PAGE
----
Earlier this year, Jimmy Iovine, who founded headphones giant Beats Electronics with rapper Dr. Dre, gave a clue as to what Apple was missing in its computer empire. He recalled that when iPods first came out more than a decade ago, they were linked to white earbuds with tinny sound, providing room for Beats to make a less flimsy product. "Apple wasn't focused on sound," Iovine said at the time. "They were selling an iPod."
If Apple buys Beats for $3.2 billion, as some reports have suggested, the iconic computer company will suddenly have the high-level sound hardware to go with its numerous music products, from iTunes to the iPod to the iPhone.
Although Beats is the best-selling headphones maker, bringing in more than $500 million in revenue in 2012, one of the most important facets of the deal could be the company's launch of Beats Music in January. The subscription service, which charges a $10 monthly fee and competes with Spotify, Rhapsody, Rdio and Deezer, would give Apple a powerful foothold in a part of the music industry that is slowly becoming dominant. Sales of both albums and tracks have plunged over the past two years — including those sold via iTunes, the top music retailer — and on-demand subscription services are growing.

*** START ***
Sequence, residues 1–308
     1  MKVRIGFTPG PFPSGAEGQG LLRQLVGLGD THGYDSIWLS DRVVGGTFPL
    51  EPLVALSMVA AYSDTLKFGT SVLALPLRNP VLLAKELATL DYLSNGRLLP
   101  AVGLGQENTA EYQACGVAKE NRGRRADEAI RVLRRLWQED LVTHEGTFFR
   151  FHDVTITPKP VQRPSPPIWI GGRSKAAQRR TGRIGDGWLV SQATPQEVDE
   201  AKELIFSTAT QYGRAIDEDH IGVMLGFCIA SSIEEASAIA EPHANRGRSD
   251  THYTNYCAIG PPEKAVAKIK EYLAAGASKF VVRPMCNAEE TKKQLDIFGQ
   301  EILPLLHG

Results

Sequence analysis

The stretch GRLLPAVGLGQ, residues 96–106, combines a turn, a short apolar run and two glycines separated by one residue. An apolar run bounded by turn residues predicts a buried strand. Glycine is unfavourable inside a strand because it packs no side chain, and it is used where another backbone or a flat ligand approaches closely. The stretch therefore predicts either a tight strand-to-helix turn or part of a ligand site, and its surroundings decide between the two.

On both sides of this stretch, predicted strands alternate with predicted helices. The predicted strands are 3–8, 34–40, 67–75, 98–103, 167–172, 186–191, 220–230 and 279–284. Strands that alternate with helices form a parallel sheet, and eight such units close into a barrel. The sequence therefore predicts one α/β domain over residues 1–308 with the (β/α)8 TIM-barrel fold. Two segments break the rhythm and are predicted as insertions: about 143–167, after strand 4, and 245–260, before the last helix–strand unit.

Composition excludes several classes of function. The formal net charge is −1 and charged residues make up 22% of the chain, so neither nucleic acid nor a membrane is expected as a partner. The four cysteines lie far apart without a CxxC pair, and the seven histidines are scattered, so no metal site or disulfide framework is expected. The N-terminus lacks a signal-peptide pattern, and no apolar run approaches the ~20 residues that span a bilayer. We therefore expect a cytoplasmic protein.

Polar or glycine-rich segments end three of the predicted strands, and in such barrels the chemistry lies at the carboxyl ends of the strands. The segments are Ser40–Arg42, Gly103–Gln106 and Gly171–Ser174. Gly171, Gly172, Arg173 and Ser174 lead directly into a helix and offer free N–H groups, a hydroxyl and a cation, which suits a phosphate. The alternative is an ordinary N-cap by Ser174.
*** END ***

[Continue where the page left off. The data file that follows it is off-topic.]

According to reports, the Beats executive team would report to Tim Cook, Apple's chief executive. This would put Iovine, who still moonlights as the head of Interscope Records, home of Eminem and U2, in an interesting position — an Apple executive who remains part of the record industry.
Neither Beats nor Apple would comment on the reports.